Ori Dagan on a recent trip to Israel at the Sea of Galilee, wearing his Thelonious Monk T-shirt. Dagan’s  pastimes include seeing and hearing live music, shopping for used vinyl and posting fun videos on Instagram. He lives in downtown Toronto with his husband, filmmaker Leonardo Dell’Anno.

The always-entertaining Ori Dagan is a jazz singer, concert promoter/producer and jazz journalist, now in his ninth season writing for The WholeNote. Dagan was born in Haifa, Israel where his father was a mechanical engineer and his mother a copywriter. In 1989 he moved with his family to Toronto. All the rest is Googleable but here are a bit more details.

After earning Bachelor of Fine Arts from York University with a focus on jazz vocals and classical voice Dagan studied performance, songwriting and improvisation at Humber College and began working steadily in Toronto’s live music venues. Recent awards: Bronze Medal Winner of the 2016 Global Music Award for Best Male Vocalist; Best Jazz Vocals at the 2015 Toronto Independent Music Awards. In 2016 his single and music video Clap on the 2 and the 4 won Best Children's Song at the Hollywood Songwriting Contest and Best Jazz Song at the Poland International Film Festival. The video has been screened at over a dozen film festivals worldwide including the Cayman Islands International Film Festival, Los Angeles CineFest, Montana International Children's Film Festival, Boston International Kids Film Festival, San Diego International Kids Film Festival and the Toronto Independent Film Festival.

Ori Dagan and Nathan Hiltz have been collaborating on a project in honour of Nat King Cole, including five brand new compositions inspired by the artist's life, music and legacy. Previews at the Free Times Cafe on February 17!Suppose a friendly fellow traveller asks what you do for a living? Blessed to be a musician!  I’m living the dream, and to keep it alive, most of what I do revolves around music. Aside from playing gigs, writing songs, recording and releasing music, I proudly pen Jazz Stories for The WholeNote, book live music for the venue 120 Diner, co-produce the Kensington Market Jazz Festival and teach jazz singing. At this point the fellow traveller usually says “WOW! That’s so exciting!” and I am reminded that indeed, it is.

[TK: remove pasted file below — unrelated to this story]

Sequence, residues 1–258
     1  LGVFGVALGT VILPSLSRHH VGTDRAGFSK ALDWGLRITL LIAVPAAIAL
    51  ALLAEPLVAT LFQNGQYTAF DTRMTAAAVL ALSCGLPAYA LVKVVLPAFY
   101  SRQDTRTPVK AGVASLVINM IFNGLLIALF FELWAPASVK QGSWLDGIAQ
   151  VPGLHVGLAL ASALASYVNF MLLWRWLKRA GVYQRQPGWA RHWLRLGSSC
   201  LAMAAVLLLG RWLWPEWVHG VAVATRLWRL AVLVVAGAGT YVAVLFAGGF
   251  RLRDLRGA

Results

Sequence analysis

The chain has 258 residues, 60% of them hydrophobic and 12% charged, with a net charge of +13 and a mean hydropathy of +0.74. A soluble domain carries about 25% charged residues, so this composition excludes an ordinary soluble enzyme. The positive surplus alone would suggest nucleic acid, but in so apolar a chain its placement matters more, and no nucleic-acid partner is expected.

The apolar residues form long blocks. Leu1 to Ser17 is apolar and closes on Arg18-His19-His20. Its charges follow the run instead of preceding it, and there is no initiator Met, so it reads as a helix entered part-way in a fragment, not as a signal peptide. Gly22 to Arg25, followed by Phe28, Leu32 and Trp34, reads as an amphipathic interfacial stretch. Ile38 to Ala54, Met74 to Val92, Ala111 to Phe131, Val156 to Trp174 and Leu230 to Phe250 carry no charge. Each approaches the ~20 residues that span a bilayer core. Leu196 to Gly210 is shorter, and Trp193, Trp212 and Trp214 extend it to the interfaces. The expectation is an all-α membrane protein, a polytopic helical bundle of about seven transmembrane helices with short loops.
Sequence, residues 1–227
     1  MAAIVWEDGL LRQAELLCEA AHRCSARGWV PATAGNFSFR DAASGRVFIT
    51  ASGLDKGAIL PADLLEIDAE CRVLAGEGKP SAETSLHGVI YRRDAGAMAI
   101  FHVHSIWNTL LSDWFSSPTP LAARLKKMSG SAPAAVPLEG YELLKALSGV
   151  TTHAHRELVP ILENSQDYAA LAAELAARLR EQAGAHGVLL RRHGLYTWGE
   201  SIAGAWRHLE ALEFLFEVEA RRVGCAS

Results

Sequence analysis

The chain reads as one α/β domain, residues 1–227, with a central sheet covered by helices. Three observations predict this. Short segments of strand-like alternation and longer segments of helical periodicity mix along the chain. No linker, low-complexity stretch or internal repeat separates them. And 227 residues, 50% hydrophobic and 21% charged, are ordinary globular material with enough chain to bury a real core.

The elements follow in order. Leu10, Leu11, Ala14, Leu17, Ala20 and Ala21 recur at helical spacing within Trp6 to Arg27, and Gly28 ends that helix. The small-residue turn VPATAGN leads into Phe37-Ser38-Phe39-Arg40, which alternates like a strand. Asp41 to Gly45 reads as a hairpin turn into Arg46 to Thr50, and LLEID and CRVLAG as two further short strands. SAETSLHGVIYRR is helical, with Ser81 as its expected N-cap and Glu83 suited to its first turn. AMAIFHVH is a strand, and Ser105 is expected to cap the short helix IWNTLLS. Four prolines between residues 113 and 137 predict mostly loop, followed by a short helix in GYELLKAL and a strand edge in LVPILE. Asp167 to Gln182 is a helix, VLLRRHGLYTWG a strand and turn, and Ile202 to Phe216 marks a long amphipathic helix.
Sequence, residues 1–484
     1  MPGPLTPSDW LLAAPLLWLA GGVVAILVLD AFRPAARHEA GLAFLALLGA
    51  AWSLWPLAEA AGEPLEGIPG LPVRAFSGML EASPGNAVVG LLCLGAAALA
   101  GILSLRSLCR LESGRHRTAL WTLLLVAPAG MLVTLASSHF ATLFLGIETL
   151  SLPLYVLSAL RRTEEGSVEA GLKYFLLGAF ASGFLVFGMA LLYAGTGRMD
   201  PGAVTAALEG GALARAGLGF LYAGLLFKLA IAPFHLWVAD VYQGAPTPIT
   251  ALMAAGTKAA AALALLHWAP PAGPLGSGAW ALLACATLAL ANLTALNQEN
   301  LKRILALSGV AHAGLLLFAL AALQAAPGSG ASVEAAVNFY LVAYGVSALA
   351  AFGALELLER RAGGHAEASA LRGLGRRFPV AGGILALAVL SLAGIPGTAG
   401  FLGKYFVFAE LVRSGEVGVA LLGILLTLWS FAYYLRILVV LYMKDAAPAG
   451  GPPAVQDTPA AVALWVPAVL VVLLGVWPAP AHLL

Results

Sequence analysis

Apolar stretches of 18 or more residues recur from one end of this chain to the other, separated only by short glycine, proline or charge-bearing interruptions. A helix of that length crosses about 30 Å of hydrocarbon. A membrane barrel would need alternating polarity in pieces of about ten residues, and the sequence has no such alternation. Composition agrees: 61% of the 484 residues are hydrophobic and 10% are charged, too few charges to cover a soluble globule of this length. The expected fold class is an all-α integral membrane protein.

MysteryChild-Dec2016.JPGWhen you look at your childhood photo? Reminds me how much I loved listening to Peter and the Wolf on those headphones!

What would you like to say to that younger Ori? Don’t be so shy!

Your earliest musical memory? My mom singing an Israeli nursery rhyme to me: “Yonatan Ha Katan.”

Musicians in your family? There are no musicians in my family that I know of. My dad is tone-deaf and rhythm-deaf (sorry, dad!). I know it comes from my mom’s side – her grandfather was a cantor. My brother dabbled in guitar and introduced me to some of my favourite music growing up

Where did hearing music fit into your childhood? I grew up listening to Israeli music and classical music. I remember cassettes of Mozart, Beethoven and Schubert around the house. My favourite vinyl was Rumpelstiltskin the musical, which in Hebrew was translated into "Ootz-Li Gootz-Li." It featured some of Israel’s biggest stars including Ofra Haza and Tzipi Shavit, and I played it every single day – my first real musical obsession. To this day I have albums that I am obsessed with and can sing start to finish.